Not running for my health, but in spite of it.

      AccidentalJazz


        I actually just received a pair of pegasus 36s but I ordered a size too small unfortunately. I think I might order a larger size and perhaps a Summit, then return whichever I like least.

         

        My knees and shins feel fine, the only pain I've noticed is some tightness in my feet (around the arches) throughout the day. The blisters have been my biggest issue with the running, especially recently as my runs have gotten longer and the blisters have gotten worse.

        I bought some thick wool socks and they're making a huge difference, but ultimately don't seem like enough if I'm still getting blisters.

         

        I think a foam insert is probs the best way to go. Do you have any recommendations of brands?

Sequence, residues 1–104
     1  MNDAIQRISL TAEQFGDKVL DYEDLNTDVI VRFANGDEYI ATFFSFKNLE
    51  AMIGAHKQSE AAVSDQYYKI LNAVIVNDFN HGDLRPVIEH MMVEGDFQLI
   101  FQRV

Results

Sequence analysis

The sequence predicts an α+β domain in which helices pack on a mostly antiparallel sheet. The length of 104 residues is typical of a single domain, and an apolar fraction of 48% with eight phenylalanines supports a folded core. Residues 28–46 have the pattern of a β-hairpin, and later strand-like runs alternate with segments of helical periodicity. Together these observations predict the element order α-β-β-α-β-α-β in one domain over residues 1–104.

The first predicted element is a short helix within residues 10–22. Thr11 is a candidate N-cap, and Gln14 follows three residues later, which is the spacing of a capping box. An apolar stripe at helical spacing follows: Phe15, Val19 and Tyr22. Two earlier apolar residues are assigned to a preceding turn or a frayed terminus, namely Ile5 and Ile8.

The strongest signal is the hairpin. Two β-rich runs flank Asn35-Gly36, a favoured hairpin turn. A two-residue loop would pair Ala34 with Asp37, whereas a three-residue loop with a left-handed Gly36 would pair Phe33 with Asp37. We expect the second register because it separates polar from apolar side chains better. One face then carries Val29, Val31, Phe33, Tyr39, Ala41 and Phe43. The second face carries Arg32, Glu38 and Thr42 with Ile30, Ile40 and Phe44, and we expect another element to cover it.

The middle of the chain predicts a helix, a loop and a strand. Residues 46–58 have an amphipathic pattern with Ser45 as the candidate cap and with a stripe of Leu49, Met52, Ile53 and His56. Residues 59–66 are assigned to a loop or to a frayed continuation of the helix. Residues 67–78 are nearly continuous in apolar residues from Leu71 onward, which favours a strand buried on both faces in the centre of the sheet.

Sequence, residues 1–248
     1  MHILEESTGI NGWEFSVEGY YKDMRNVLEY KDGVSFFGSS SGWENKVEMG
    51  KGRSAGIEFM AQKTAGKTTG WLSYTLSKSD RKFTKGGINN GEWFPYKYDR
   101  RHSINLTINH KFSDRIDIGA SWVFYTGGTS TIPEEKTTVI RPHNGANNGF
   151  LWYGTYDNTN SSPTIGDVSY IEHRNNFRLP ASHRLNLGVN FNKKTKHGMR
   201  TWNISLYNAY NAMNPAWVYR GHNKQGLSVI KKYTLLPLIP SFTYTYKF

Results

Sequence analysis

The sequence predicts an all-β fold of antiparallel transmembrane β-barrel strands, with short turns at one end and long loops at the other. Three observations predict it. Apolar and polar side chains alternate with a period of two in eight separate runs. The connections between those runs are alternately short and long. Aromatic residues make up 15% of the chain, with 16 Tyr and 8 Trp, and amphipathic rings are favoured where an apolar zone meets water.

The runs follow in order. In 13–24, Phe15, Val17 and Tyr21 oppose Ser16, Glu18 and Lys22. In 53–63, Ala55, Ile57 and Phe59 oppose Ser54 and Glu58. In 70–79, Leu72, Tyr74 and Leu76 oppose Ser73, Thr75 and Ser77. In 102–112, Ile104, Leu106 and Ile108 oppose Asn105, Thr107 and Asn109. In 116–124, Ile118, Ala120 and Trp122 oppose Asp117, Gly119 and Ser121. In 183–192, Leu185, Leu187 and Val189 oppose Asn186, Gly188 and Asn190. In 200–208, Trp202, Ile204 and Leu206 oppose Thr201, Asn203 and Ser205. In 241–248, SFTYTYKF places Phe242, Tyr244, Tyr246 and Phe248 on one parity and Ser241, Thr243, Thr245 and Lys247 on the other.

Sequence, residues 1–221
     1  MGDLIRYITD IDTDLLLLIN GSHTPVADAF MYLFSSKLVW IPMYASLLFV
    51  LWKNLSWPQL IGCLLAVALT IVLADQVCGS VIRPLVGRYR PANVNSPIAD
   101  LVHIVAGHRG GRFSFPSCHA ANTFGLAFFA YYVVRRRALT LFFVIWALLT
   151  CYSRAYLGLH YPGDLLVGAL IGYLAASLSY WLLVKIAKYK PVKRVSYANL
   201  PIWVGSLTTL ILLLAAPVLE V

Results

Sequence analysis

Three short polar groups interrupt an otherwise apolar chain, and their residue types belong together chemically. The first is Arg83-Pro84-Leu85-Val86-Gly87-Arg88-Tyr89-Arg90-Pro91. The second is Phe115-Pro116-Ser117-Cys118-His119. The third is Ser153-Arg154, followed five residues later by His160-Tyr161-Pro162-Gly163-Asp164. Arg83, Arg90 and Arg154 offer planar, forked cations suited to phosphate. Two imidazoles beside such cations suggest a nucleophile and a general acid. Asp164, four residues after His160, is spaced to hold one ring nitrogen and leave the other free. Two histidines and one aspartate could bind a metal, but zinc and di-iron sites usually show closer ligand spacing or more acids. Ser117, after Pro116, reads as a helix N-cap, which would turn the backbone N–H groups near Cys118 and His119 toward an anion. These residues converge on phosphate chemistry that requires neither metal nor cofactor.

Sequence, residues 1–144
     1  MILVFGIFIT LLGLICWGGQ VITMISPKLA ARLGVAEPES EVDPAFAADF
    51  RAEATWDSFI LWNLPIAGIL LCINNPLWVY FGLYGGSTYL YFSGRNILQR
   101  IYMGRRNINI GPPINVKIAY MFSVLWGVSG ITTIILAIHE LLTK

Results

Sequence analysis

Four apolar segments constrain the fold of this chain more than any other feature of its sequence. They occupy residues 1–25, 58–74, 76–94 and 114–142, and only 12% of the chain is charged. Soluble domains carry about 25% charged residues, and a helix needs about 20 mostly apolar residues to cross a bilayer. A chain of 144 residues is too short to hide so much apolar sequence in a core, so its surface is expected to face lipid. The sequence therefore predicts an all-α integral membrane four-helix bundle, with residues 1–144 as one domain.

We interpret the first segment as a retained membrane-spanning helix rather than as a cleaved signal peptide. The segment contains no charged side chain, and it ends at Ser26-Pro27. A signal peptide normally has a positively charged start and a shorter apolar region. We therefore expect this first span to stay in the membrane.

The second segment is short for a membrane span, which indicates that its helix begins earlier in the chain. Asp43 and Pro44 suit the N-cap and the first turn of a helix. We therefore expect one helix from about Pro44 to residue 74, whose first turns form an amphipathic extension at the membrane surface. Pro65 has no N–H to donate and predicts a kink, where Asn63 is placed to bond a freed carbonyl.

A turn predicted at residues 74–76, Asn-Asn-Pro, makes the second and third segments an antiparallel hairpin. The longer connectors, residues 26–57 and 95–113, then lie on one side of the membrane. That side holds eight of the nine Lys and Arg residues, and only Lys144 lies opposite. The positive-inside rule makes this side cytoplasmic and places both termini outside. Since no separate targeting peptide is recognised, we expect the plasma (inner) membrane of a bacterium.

define "trail"

           

          For 90% of runners, that just means "not pavement". Packed-dirt paths and roads are essentially the same as pavement. Most trails do not require aggressive tread or rubber toe bumpers. Road shoes work just fine if not better (fewer constraints).

           

          For sloppy conditions; loose dirt, mud, snow, slush, laterally slanted trails, yeah, aggressive tread is definitely worth it. For frequent roots and rocks and uneven terrain, toe protection and a rock plate are definitely worth it.

           

          If you're only going to wear one shoe model and not have different ones in rotation:

           

          I think Hoka Challenger is a good on/off trail shoe. The tread is good on both, and at least for me, it's pretty durable on pavement. The routes I would wear them on had significant asphalt sections. Well cushioned, but not like the Hokas of yesteryear. Good stability regarding keeping your foot in place inside the shoe. Not too heavy for what they are.

           

          hint: good running socks will help with blisters; balega, injinji, smartwool PhD, etc

          55-59 age group  -  University of Oregon alumni  -  Irreverent and Annoying

          AccidentalJazz


            define "trail"